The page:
The legal and regulatory environment of India’s real money gaming industry was at the centre of the conversation at SPiCE 2022, an important gathering of key stakeholders of the Indian subcontinent’s online gaming industry.
Vidusphat Singhania, Managing Partner of Krida Legal, Jay Sayta, Technology and Gaming Lawyer, Jaideep Reddy from Nishith Desai Associates, and Dibyojyoti Mainak from MPL, part of a panel at the 3-day conference in Goa, noted that the legal and regulatory landscape had changed significantly in the last 3 years.
“Covid19 led to the boom in the industry that actually brought the debate on banning,” said Dibyojyoti Mainak from MPL. Telangana had already banned gaming for stakes in 2017.
“During the last SPiCE, none of the states (except Telangana) had discussions on banning.”
Mainak said the states, unfortunately, started treating games of skill as gambling. Vidusphat Singhania said the distinction between games of skill and chance was always outside the ambit of “gambling and betting.”
He added that the Courts have decades back held that games of skill are a legitimate business activity. The speakers agreed that legislation must be rational to the evil it is trying to address.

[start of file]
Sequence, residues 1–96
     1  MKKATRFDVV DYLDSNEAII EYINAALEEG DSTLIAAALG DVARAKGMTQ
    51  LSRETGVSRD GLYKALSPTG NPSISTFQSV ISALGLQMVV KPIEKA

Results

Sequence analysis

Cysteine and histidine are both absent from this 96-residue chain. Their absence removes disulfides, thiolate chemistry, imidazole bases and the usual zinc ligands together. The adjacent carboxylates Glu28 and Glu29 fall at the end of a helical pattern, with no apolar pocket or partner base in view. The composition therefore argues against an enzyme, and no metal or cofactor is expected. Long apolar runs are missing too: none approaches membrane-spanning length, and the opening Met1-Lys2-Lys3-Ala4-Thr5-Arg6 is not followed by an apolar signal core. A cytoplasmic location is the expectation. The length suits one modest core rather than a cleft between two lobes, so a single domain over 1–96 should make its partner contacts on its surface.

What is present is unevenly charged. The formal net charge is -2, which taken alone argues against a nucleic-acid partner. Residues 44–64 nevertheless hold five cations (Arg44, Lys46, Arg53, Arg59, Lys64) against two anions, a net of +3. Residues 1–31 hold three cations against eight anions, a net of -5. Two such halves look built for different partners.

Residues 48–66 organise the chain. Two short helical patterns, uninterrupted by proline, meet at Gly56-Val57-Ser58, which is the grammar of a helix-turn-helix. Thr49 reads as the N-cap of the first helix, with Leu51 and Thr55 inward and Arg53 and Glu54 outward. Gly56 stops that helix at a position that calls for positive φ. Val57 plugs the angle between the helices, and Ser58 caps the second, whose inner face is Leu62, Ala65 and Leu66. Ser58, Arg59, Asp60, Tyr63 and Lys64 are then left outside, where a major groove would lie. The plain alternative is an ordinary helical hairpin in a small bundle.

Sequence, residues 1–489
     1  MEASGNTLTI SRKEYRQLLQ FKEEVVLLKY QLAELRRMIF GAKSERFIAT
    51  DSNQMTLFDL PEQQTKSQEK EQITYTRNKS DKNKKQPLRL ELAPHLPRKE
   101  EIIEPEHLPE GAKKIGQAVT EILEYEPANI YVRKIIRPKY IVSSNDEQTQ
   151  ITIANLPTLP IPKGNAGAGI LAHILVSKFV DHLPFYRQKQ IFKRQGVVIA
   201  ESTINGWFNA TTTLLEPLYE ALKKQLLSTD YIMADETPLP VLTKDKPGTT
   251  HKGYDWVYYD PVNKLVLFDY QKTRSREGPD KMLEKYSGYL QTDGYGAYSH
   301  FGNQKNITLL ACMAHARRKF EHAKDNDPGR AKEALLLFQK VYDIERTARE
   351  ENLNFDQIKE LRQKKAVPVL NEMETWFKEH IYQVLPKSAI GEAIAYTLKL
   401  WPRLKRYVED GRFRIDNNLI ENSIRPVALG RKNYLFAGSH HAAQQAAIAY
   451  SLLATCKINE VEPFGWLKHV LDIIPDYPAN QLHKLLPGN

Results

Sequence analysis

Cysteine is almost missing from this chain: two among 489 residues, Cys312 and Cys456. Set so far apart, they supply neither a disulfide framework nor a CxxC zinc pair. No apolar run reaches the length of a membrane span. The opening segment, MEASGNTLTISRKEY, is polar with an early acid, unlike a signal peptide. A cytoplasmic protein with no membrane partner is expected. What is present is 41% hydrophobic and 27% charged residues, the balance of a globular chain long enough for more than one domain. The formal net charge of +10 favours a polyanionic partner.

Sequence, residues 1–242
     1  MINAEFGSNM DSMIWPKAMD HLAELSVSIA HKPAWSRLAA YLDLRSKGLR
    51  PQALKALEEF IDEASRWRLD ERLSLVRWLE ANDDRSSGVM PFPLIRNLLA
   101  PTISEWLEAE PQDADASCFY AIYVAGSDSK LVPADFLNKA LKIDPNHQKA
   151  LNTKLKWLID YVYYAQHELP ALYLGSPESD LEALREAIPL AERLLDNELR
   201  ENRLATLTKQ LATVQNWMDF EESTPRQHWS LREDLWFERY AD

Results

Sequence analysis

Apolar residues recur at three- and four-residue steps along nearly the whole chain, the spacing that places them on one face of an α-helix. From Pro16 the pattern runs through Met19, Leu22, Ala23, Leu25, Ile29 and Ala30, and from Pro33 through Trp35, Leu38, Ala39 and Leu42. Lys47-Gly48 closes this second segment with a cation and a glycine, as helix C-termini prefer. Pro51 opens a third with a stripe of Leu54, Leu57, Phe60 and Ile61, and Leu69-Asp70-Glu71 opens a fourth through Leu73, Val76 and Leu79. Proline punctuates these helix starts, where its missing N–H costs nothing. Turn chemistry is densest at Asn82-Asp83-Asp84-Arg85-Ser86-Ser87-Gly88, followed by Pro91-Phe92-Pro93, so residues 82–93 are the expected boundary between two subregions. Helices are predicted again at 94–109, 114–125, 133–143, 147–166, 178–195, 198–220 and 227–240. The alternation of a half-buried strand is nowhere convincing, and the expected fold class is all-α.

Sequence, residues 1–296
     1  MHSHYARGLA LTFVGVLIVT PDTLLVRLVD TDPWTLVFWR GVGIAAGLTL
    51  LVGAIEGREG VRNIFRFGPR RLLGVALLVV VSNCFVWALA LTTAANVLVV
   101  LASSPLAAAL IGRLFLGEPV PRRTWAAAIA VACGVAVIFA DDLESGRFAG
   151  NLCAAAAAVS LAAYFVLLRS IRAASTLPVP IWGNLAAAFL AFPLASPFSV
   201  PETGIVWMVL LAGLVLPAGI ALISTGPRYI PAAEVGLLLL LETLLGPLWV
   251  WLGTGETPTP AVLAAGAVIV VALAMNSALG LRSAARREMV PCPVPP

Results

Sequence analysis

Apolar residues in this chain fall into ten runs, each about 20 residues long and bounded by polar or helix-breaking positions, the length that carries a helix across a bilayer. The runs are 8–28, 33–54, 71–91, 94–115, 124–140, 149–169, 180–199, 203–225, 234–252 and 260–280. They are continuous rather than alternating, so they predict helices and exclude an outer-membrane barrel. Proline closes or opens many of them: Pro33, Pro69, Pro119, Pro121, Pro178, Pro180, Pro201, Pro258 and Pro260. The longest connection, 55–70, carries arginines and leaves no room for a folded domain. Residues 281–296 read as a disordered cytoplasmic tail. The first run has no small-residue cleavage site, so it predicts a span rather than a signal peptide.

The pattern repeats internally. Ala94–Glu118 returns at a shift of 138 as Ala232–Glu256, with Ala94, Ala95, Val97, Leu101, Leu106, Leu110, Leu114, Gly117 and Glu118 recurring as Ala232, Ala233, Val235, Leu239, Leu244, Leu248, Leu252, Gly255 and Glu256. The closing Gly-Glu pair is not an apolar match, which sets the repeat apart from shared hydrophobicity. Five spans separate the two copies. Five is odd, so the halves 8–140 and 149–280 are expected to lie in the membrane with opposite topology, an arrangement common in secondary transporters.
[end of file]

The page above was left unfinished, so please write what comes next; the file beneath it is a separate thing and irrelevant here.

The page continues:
Singhania, while referring to the Meghalaya gaming regulation, said in the last three years we went from banning discussion to positive legislation in at least one state.
Jay Sayta, who argued before the Madras High Court in the landmark case, stated that nearly 50 hours of the hearing went into the Madras and Karnataka High Court cases. He took the audience through the grounds of challenge in the Karnataka case which includes fundamental rights, constitutional competence, and the power of states to enact a law on skill games. Once it is a game of skill, operators and players have the constitutional right to undertake the activity, he added.
Jaideep Reddy from Nishith Desai Associates said a possibility of a central law may be explored. He said it is a completely different world since the last SPiCE event in 2019 with newer formats of skill games, states trying to enact sweeping bans and failing.
Mainak said that at the central level, the Ministry of Information Technology had recognised the difference between skill and chances games. "The sports ministry said it will consider esports included in Asian Games, but no one (ministry) wants define want are skill games and chance games."
Singhania said that before ministries decide, the issue may be settled by the Supreme Court. Adding to Singhania, Jay said, “ no one (ministry) wants to ring the bell, just pass on the bell.” He said even sports and entertainment fall under the state list and states can enact legislation under that entry as well.
The session concluded with the panellists agreeing that the next 3 years will be crucial for the sector with cases reaching Supreme Court and a few states trying to enact regulations.